Take 3: Oliver & Company Review + 30 Follower Thank You

I received 30 followers on 18 Cinema Lane two weeks ago! It’s time for me to review a film that was released 30 years ago (in 1988)! Because I’ve never reviewed a Disney animated film on my blog before and since the last time I reviewed an animated film was Rugrats Go Wild (for my 15 follower thank you review), I chose Oliver & Company for this milestone post. Oliver & Company is a film that I’ve only seen bits and pieces of, so I was looking forward to seeing this movie in its entirety. While choosing which movie I would talk about for this particular post, I realized that Oliver & Company was released the year before the start of the “Disney Renaissance”: when The Little Mermaid made its film debut. I came across a review of Oliver & Company from the blog, Reviewing All 56 Disney Animated Films And More!. In that review, Rachel, the creator and author of the blog, provided some insight into the importance of Oliver & Company. This insight made me interested to see the type of foundation that this film possibly put in place for the “Disney Renaissance” and beyond. Keep reading my review of Oliver & Company to see how I felt about the movie as a whole!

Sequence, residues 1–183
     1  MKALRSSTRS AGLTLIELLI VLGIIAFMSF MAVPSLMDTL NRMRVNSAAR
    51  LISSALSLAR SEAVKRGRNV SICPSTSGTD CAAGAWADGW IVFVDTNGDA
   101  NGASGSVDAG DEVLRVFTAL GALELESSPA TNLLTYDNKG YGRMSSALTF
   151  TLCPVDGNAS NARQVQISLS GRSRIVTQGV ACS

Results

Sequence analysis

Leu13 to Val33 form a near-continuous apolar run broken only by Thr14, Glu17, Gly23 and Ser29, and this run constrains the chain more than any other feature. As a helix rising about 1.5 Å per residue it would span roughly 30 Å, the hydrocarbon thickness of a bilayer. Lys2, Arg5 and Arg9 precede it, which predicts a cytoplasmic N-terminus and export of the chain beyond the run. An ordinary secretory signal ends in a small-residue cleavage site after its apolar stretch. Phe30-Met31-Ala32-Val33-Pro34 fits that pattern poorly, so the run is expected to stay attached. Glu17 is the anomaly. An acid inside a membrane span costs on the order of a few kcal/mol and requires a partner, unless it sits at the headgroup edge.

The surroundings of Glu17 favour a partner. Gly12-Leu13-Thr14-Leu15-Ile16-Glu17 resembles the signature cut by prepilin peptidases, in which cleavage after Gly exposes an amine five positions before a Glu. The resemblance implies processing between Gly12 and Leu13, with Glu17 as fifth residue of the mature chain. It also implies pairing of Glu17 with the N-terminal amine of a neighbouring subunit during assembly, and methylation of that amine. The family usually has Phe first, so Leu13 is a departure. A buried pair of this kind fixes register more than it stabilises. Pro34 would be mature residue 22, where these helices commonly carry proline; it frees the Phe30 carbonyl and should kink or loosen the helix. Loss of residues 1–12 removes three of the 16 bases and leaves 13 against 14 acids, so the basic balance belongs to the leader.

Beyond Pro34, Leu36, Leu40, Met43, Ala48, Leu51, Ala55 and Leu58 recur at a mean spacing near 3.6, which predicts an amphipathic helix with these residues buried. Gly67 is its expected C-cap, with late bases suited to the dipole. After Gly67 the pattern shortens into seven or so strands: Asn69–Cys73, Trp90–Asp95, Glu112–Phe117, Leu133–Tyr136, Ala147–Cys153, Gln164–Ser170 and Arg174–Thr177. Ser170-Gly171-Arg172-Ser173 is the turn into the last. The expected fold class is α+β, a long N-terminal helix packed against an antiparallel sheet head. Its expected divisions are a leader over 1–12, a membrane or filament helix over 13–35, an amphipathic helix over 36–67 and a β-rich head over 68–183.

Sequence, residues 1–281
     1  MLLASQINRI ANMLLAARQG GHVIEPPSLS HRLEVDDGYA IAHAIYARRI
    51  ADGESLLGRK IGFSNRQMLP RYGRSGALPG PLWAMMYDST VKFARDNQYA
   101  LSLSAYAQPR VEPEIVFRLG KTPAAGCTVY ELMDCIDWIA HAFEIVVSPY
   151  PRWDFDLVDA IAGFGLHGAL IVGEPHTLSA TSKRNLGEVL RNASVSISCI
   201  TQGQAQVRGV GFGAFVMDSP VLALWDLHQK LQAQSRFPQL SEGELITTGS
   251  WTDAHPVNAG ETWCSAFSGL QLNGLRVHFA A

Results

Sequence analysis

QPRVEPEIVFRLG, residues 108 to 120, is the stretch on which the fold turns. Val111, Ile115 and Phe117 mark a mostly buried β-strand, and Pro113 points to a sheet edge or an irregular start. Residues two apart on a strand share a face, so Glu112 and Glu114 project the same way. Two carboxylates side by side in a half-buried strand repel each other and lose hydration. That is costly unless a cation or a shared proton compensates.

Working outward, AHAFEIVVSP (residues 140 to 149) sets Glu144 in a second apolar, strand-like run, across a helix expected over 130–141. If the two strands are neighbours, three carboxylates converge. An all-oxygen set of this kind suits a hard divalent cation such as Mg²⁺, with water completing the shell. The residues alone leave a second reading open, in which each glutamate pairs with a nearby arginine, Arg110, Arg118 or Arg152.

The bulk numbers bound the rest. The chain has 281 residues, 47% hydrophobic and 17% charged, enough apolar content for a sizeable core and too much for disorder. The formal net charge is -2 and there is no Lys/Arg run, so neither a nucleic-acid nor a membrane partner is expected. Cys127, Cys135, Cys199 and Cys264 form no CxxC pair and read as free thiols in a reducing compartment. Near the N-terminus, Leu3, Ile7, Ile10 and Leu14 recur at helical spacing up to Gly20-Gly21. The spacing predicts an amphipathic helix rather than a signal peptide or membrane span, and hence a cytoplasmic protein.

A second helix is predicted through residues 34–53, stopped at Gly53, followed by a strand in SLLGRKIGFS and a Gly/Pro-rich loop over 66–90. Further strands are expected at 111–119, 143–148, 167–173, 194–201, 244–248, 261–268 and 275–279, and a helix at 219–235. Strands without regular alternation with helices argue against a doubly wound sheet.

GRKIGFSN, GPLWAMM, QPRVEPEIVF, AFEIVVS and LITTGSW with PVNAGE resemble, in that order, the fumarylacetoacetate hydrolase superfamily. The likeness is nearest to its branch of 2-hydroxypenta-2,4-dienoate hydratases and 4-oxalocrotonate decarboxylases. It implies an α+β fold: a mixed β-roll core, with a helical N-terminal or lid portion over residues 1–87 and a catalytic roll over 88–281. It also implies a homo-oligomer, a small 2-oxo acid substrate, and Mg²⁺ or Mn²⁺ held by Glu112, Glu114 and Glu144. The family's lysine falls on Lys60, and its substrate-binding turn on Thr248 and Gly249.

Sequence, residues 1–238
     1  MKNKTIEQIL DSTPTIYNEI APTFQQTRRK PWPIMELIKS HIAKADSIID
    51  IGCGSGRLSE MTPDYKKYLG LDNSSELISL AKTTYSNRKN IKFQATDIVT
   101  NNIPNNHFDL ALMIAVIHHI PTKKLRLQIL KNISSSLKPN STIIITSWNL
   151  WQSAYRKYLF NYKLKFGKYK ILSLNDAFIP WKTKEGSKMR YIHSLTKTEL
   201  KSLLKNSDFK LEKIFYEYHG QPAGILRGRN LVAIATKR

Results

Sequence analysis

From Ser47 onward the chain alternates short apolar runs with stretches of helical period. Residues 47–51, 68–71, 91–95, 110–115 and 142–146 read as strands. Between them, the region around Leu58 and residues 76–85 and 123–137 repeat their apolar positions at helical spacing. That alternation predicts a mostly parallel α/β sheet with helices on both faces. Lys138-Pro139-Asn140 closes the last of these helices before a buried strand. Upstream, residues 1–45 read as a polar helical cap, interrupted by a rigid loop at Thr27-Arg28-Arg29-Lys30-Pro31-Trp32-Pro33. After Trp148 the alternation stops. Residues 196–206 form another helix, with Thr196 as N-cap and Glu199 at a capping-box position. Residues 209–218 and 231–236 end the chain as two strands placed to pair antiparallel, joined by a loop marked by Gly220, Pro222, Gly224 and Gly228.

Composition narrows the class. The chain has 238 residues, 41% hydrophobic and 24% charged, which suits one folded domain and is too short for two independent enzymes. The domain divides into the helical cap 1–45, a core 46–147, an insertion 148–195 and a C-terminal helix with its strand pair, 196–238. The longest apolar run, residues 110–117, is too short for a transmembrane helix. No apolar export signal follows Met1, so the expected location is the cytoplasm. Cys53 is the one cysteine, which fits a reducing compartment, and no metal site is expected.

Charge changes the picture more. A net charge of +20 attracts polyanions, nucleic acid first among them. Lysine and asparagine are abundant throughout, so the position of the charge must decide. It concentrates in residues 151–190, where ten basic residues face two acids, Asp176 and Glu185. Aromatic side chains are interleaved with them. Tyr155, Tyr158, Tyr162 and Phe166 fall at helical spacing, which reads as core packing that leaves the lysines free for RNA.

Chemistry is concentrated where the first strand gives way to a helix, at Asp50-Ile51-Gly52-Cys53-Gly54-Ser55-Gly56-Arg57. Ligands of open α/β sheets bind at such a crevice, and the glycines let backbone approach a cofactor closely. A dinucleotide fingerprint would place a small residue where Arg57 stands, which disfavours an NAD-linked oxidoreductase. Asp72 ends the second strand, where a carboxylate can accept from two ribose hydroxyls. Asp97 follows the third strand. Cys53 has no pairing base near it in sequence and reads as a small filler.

Oliver and Company poster
Oliver & Company poster image created by Buena Vista Pictures Distribution and The Walt Disney Company. ©Disney•Pixar. All rights reserved. Image found at https://movies.disney.com/oliver-and-company

Things I liked about the film:

The characters: There were several likable characters in Oliver & Company! I liked how they each had their own unique personality and it was fun to see the various interactions between the characters. Some of the creative choices that were made in relation to the characters were interesting. For instance, there are times when a character who is a bulldog could be portrayed as a mean-spirited and tough individual. In Oliver & Company, however, Francis (who is a bulldog) is an aspiring actor who has a deep appreciation for the theater. This character stood out to me because I had never seen a bulldog, in television or film, portrayed this way before.